Hatta, Kayo 1958(?)-2005
HATTA, Kayo 1958(?)-2005
OBITUARY NOTICE—See index for CA sketch: Born c. 1958, in Honolulu, HI; drowned in a swimming pool, July 20, 2005, in San Diego, CA. Filmmaker, director, and author. Hatta was a noted independent filmmaker best known for her 1994 movie Picture Bride. Though born in Hawaii, she grew up in New York City, where her family had moved when she was six. She inherited her interest in photography from her mother, and this led to her interest in film. Hatta graduated from Stanford University with an English degree in 1981, then studied filmmaking at the University of California at Los Angeles (UCLA), completing her M.A. in 1991. Her first film was a short titled Otemba ("Tomboy"), which was declared to be one of the "defining moments in Asian American cinema" by the Pan-Asian Filmmakers Foundation. Despite this success, Hatta had to overcome immense obstacles to finance her next movie, Picture Bride, because she did not wish to make it a commercial endeavor. Working with her sister Mari, she slowly raised the funds through grants and working various odd jobs, including as a model and as an assistant to documentary filmmakers Pat Ferrero and Felicia Lowe. Eventually, she and Mari raised a few hundred thousand dollars, and managed to enlist the acting talents of such famous Asian thespians as Toshiro Mifune and Akira Takayama. Miramax studio agreed to finance the movie's distribution after a showing at the Cannes Film Festival. Picture Bride was then released to critical acclaim and won the Audience Award from the Sundance Film Festival. After this accomplishment, Hatta worked as a teacher at UCLA and also coorganized the 16th Annual San Francisco International Asian-American Film Festival. Her final film was another short feature titled Fishbowl that had a March 2005, premiere at the San Francisco International Asian-American Film Festival. The Public Broadcasting Service also agreed to broadcast the movie on television.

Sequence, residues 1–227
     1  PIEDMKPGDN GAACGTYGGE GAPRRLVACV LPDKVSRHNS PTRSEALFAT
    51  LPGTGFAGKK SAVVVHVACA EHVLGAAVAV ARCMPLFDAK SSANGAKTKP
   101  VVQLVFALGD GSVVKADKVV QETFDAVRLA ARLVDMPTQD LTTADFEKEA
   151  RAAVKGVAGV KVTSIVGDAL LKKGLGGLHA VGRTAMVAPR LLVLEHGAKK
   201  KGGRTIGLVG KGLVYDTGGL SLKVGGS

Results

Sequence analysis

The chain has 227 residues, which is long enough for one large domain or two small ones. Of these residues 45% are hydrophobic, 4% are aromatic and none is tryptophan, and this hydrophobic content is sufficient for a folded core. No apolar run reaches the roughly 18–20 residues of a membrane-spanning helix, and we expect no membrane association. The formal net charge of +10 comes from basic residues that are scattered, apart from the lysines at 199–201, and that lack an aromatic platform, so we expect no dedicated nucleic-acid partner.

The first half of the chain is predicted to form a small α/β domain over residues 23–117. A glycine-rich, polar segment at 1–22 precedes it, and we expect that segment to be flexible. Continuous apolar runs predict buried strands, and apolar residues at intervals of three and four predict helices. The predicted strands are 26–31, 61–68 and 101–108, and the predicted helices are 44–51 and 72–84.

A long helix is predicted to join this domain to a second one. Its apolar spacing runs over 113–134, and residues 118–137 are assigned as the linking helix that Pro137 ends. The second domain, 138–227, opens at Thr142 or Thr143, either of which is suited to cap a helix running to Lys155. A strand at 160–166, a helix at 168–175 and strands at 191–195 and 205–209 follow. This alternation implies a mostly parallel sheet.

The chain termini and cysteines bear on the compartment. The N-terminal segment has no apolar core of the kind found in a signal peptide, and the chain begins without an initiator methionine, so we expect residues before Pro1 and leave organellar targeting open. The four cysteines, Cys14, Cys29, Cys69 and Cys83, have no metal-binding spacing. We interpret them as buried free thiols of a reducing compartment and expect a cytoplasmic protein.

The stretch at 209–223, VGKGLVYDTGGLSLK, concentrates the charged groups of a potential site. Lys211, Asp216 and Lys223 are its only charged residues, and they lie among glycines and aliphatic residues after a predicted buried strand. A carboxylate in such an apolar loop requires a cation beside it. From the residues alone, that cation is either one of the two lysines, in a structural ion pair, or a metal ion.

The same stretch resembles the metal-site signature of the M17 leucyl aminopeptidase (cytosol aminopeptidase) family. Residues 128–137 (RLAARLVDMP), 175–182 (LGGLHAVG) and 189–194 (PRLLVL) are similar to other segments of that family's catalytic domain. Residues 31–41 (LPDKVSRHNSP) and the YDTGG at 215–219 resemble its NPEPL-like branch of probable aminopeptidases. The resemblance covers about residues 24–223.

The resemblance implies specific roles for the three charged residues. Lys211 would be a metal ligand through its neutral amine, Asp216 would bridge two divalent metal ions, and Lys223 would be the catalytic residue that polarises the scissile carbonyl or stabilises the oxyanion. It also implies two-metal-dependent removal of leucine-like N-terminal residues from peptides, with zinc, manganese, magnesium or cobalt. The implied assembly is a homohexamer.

OBITUARIES AND OTHER SOURCES:
Los Angeles Times, July 29, 2005, p. B10.
New York Times, July 31, 2005, p. A21.